Photographs of earlier Varini projects will be exhibited in the Yale University Art Gallery. Related paintings by students at Coop High School who have been studying Varini's work and who will work with the artist during his residency in New Haven will be exhibited at 210 College Street.

Funding for Square with four circles has been awarded by Pro Helvetia, the Arts Council of Switzerland, National Endowment for the Arts, CT Commission for Culture + Tourism, Community Foundation for Greater New Haven, the Seymour L. Lustman Memorial Fund, The David T. Langrock Foundation, as well as numerous local foundations and institutions. The hospitality sponsor for this project is The Study. In addition to support from the Consulate General of Switzerland in New York, Site Projects has received the endorsement of Mayor John DeStefano and New Haven's Office of Cultural Affairs and is working in collaboration with the New Haven Parking Authority.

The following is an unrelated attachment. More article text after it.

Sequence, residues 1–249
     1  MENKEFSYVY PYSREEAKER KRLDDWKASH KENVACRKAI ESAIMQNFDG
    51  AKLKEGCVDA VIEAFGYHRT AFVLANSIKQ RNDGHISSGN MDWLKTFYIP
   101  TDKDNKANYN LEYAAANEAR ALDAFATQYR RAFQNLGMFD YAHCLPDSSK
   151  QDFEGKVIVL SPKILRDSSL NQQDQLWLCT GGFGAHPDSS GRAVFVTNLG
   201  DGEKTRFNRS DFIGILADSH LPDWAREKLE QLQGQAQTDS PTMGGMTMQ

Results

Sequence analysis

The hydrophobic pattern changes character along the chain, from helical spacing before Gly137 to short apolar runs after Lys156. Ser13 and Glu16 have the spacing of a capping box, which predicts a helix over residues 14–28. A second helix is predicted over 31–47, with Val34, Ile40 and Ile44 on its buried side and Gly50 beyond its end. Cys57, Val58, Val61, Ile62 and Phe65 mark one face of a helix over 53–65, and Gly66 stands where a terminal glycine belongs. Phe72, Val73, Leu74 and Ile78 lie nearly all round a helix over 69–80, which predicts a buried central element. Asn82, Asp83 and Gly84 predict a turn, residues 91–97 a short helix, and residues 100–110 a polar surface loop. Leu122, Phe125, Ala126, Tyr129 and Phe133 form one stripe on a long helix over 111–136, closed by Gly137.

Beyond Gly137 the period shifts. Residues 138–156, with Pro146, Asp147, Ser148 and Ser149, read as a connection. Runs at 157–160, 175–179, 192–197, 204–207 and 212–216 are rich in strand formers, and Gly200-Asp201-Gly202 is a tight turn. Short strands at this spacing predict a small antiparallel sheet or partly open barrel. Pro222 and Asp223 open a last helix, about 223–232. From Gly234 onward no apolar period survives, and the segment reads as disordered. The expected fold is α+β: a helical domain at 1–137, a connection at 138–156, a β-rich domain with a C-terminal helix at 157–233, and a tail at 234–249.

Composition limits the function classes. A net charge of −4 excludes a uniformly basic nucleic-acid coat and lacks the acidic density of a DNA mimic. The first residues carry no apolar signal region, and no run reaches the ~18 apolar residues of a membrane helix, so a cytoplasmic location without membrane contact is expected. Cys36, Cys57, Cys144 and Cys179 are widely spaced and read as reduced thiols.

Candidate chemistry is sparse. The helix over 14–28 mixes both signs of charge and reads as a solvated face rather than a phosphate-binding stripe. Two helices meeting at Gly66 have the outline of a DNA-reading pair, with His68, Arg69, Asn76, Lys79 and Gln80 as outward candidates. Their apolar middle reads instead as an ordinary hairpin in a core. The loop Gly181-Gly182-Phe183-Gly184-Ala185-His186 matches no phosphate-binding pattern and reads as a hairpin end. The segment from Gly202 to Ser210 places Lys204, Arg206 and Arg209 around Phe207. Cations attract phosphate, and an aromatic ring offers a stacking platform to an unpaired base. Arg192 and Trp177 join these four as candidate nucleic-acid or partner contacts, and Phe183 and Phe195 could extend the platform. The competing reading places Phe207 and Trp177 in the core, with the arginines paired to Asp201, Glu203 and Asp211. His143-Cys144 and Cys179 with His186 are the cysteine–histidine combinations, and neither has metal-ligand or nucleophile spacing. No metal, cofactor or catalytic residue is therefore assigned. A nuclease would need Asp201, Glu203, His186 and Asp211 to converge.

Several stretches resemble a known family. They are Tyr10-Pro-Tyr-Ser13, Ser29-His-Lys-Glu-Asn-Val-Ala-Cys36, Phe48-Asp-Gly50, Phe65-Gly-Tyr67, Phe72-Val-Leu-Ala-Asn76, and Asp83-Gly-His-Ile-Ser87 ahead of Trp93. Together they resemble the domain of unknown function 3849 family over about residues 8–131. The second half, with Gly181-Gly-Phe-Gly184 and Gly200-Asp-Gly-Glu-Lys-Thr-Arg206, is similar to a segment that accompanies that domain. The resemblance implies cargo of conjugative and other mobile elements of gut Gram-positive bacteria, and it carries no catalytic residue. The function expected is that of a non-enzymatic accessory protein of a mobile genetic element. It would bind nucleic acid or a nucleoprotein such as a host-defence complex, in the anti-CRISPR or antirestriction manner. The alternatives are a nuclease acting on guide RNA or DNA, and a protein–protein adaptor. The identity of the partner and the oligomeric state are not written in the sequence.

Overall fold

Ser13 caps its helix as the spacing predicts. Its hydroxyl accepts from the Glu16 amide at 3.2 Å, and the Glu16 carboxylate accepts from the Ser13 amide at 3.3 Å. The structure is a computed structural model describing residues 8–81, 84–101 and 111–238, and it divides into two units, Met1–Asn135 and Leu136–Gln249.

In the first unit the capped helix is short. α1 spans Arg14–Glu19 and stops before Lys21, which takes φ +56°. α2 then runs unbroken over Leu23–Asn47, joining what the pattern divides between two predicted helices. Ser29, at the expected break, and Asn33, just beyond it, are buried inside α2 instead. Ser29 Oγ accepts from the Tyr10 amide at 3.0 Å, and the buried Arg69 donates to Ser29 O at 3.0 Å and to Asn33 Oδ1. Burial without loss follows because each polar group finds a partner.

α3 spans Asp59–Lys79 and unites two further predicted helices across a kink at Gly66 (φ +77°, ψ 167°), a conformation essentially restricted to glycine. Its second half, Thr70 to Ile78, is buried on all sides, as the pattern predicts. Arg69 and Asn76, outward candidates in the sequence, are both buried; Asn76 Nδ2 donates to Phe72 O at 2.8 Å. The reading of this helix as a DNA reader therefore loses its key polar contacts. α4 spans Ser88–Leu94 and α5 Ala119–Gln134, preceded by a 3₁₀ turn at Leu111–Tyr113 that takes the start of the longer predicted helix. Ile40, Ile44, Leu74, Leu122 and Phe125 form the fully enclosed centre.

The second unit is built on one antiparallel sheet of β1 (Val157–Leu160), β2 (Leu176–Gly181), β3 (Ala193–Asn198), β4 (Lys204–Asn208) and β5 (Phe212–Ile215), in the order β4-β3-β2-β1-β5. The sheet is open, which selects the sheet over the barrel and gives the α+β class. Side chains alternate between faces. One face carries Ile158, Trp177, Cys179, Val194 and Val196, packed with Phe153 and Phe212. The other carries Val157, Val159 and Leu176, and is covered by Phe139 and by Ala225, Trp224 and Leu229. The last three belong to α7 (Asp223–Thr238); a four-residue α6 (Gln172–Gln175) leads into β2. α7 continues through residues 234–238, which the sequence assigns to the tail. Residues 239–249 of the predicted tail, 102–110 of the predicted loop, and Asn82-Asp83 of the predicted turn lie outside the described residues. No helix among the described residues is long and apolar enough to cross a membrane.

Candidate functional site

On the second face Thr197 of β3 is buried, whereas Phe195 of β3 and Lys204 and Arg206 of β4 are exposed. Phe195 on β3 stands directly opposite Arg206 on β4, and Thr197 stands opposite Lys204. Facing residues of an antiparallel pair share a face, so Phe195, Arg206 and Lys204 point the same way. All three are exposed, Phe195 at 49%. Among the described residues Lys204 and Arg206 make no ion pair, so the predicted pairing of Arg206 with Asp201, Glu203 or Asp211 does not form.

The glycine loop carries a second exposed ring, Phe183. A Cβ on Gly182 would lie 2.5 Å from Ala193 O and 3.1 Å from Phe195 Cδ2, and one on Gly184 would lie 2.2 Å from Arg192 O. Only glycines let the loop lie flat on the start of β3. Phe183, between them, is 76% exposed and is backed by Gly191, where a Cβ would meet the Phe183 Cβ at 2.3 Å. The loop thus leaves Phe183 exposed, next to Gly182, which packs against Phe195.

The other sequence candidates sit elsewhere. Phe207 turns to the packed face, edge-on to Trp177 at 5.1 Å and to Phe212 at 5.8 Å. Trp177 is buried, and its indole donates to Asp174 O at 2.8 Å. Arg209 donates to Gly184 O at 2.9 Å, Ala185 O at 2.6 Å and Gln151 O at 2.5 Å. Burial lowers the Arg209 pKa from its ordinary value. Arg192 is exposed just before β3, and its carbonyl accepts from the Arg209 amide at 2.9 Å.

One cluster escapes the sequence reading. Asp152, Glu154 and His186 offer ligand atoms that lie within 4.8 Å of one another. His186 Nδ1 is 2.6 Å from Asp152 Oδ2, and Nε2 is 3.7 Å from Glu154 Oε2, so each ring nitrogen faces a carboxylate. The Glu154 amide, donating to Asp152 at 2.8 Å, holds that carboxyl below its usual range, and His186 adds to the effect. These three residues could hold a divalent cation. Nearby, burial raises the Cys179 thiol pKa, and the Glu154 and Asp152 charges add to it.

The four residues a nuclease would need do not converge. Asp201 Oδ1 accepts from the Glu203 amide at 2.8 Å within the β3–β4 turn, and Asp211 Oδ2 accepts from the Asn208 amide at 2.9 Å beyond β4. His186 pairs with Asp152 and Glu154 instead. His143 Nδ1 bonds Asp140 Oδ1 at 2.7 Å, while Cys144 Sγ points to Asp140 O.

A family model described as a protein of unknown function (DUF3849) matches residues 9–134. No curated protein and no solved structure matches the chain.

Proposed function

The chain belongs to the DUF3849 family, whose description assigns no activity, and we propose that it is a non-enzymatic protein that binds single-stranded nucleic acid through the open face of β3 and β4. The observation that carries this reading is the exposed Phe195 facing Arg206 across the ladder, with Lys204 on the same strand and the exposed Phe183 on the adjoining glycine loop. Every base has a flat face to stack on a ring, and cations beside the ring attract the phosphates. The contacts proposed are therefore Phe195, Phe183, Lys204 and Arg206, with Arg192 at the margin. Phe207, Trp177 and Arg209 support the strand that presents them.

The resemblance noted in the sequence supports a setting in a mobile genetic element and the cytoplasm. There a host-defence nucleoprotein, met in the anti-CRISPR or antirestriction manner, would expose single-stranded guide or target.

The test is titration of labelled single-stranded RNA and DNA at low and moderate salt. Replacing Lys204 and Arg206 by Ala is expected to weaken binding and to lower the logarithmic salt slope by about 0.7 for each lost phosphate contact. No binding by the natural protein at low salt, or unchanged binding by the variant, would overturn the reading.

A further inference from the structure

The exhibition of Square with four circles will be a world-class cultural event and an occasion for inviting the world to New Haven.

About the artist Felice Varini:

Felice Varini was born in Locarno, Switzerland in 1952 and currently lives and works in Paris, France. He defines himself as an abstract painter, and paints on architectural and urban spaces, such as buildings, walls and streets. The paintings are characterized by one vantage point from which the viewer can see the complete painting (usually simple geometric shapes such as circles, squares, lines), while from other view points the viewer will see 'broken' fragmented shapes. Varini explains that the work exists as a whole - with its complete shape as well as the fragments: "My paintings initially appear to the observer in the form of a deconstructed line which recalls nothing known or familiar, whence the effect of perturbation they produce. As one moves through the work, the line progressively appears in its composed form. One is thus under the illusion that the work is creating itself before one's eyes."